self-care

Managing Your Stress

I've been radio silent over the past two weeks as I went through a cross country move, which was quite a stressful time! Now that we're setting up the new apartment, have wifi and I've got a desk, it felt like the right time to get back to the blog and talk about something that's been on my mind: stress and productive ways to deal with it.

Modern life can be overwhelming. We have so many different contact points with so many different people that it’s easy to feel completely outdone by your surroundings. This past year, I felt really overwhelmed at work and in school. Both had been really stressful and not very rewarding in the short-term – a recipe for stress and feeling terrible. I had a pit in my stomach for the longest time, feeding on my stress and unhappiness. One day, I had to look at myself and decide to either be a miserable person or figure out my stress levels.

First and foremost, I had to accept what was happening and figure out what my end goal was. If I didn’t like work and school, what did I want instead? Did I want to finish my degree or quit? What was my optimal situation? Once I know my big goal was feeling way less stressed, I knew that I could start to move forward.

I had to let go of my intense emotional attachment to what was happening – potentially losing my 4.0 or not feeling appreciated – and learn to appreciate what I had. Once I did that, I could start to focus on myself and not the crap making me feel awful.

My fave blend of Twinings Earl Grey and Dried Lavender, tasty honey from the Savannah Bee Company and the deliciously calming Honey Vanilla Chamomile from Celestial Seasonings.

My fave blend of Twinings Earl Grey and Dried Lavender, tasty honey from the Savannah Bee Company and the deliciously calming Honey Vanilla Chamomile from Celestial Seasonings.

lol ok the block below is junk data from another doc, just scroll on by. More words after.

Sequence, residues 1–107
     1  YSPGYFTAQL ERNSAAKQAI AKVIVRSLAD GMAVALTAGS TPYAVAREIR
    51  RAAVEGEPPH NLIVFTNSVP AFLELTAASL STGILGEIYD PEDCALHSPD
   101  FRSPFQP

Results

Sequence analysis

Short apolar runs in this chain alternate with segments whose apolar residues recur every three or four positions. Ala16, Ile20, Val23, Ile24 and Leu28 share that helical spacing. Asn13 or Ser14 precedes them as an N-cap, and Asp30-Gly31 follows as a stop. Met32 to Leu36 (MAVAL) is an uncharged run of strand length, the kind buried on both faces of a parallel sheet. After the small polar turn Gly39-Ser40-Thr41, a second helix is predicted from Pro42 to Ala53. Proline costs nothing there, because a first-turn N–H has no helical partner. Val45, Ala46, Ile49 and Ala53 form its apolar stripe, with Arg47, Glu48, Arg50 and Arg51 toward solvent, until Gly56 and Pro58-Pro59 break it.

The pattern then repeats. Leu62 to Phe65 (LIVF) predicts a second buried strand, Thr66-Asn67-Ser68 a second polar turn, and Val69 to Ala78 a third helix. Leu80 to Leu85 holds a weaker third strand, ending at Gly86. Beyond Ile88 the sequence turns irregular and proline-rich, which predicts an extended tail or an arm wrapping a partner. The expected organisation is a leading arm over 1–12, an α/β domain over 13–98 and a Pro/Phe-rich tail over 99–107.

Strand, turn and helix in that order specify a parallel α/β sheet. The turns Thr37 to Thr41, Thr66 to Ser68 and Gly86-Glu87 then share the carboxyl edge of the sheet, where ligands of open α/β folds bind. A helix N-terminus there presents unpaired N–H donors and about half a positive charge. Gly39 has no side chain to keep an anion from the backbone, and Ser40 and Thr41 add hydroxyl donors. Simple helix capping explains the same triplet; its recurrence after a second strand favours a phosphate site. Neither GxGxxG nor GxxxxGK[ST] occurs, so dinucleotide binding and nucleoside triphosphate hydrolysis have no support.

The next big step is self-care: moving around, eating right and drinking calming tea instead of heavy caffeine always does me a world of good. I went on a real lavender kick, especially with chamomile and lemongrass. Meditation, yoga, running and long walks are all awesome ways to bring the stress ball in the pit of your stomach into the light and out of your life.

The best way to manage stress is to take care of yourself and love yourself.

Move Forward

It happened, get over it.

That’s the harshest version of a mantra I hear myself saying pretty often.

You can’t change the past, so don’t get upset. Don’t cry over spilled milk. Move forward. Deal with it.

It’s definitely important not to let the past rule your decision making, but you can’t ignore it. If you spilled that damn milk three days in a row in the exact same way – you probably need to learn how to stop spilling milk every time you pick up your glass. 

So how do you learn from the past without being chained to it? First, recognize your actions. Own them. If you messed up, acknowledge you messed up. Let that pit in your stomach roil for a few minutes and feel the weight of that screw up so that you won’t do it again. Then, as long as whatever you did wasn't that bad, let the feeling go. It’s only going to weigh you down and make you feel like success is impossible. Easier said than done, but totally do-able. If you have trouble, I recommend finding a way to disrupt the feedback loop of your guilt and anxiety. Maybe you think through the process and aftermath of the mistake once or twice and then interrupt the thought with a physical activity or chore. Maybe you let the guilt lie until it’s not so fresh and then attack it with some reflection or meditation. Whatever works for you is the best way to go.

What next? Really examine your actions. Figure out that when you pick up the glass of milk, you always seem to lift it too high to hold or you keep putting it on a ledge without making sure it’s stable. Try to remember not to put the glass there anymore and build a positive habit of putting the glass firmly on the table. If it’s not that easy a fix, don’t worry about it. Worrying about it only makes it worse. 

Next? Move on. Let yourself try again. Maybe you’ll screw up. Maybe you won’t. But either way you’ve taken time to self-reflect and forgive yourself for spilling a glass of milk. You’ll be happier person and eventually you’ll either stop spilling milk or you’ll stop worrying about spilling it.